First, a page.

10 Ways Space Is Trying to Kill You

Mental Problems
NASA astronauts Andrew Feustel (R) and Michael Fincke are pictured during the STS-134 mission's third spacewalk in 2011. Astronauts are carefully monitored for signs of mental stress while on space missions. NASA via Getty Images

The space environment is pretty psychologically stressful for astronauts. They may have difficulty adjusting to microgravity, suffer fatigue and struggle with sleeplessness from disruption of their circadian rhythm. There's also the intense, high-pressure workload, and the aggravations that inevitably result when a bunch of people are confined in a small space for days or weeks at a time.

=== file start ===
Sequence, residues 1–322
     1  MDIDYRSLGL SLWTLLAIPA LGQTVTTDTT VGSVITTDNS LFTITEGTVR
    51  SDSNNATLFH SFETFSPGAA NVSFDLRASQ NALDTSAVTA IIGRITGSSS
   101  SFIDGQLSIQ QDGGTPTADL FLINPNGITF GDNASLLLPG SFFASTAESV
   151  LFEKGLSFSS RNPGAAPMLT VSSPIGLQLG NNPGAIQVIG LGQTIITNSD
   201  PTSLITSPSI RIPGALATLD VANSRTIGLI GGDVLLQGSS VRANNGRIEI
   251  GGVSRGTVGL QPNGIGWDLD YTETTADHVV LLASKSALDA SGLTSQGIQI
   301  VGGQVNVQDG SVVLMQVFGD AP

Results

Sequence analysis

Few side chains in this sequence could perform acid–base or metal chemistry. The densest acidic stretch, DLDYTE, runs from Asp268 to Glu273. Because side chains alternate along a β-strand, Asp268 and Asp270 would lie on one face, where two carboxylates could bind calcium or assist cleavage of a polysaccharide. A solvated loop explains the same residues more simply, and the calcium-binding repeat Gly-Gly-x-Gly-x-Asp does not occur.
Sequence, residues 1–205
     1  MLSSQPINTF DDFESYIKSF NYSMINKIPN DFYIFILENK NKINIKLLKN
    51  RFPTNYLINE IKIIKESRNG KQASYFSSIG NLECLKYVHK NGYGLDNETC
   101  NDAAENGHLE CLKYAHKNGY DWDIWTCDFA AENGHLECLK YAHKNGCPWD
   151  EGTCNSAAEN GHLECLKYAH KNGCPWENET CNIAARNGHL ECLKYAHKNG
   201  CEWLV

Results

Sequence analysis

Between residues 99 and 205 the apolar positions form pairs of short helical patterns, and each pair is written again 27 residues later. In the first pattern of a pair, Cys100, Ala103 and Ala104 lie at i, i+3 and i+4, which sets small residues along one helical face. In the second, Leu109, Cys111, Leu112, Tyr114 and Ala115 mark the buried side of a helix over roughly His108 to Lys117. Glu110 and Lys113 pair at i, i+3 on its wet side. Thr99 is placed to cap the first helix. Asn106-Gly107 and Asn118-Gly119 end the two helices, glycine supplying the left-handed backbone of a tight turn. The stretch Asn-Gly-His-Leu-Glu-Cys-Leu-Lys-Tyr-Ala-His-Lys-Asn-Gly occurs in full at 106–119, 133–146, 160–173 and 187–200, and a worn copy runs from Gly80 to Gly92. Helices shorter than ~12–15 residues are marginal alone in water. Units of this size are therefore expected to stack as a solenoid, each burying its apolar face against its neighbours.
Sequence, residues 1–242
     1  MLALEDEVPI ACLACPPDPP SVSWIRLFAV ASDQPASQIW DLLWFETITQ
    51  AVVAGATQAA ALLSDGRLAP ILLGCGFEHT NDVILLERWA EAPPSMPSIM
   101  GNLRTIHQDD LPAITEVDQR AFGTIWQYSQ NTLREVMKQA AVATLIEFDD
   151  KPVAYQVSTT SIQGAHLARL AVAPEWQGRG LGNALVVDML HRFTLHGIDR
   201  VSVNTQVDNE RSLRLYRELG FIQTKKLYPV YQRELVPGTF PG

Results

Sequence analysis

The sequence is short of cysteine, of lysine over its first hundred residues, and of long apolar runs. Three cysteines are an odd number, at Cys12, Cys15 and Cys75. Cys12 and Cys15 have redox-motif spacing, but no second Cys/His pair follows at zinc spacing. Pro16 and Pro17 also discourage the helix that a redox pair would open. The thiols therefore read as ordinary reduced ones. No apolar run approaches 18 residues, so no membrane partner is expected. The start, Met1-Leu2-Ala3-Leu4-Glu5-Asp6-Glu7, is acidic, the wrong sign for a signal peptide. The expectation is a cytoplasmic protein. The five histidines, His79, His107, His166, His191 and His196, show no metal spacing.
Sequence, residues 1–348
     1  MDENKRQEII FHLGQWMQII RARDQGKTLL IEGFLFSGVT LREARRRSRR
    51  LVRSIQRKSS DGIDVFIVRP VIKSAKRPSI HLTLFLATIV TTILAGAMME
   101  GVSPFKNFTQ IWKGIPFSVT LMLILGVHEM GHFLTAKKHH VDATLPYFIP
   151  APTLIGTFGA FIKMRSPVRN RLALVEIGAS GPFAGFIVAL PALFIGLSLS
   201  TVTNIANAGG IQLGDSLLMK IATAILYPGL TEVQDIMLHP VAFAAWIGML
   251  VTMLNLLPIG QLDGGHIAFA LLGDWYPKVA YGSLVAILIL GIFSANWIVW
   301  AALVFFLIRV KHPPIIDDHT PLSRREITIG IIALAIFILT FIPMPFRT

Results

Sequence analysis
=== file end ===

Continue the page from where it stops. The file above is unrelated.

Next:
NASA tries to select astronauts who'll be able to function well mentally in the stressful environment of space, and the agency carefully monitors astronauts' behavior while they're there for signs of trouble. While nobody's had a major psychological crisis on a flight so far, astronauts have suffered from mood and anxiety disturbances, and the data suggests that the longer a mission lasts, the greater the risk to astronauts' mental health. When astronauts start making multiyear trips to Mars or even more distant destinations, this could be a big worry [source: Slack et al.].

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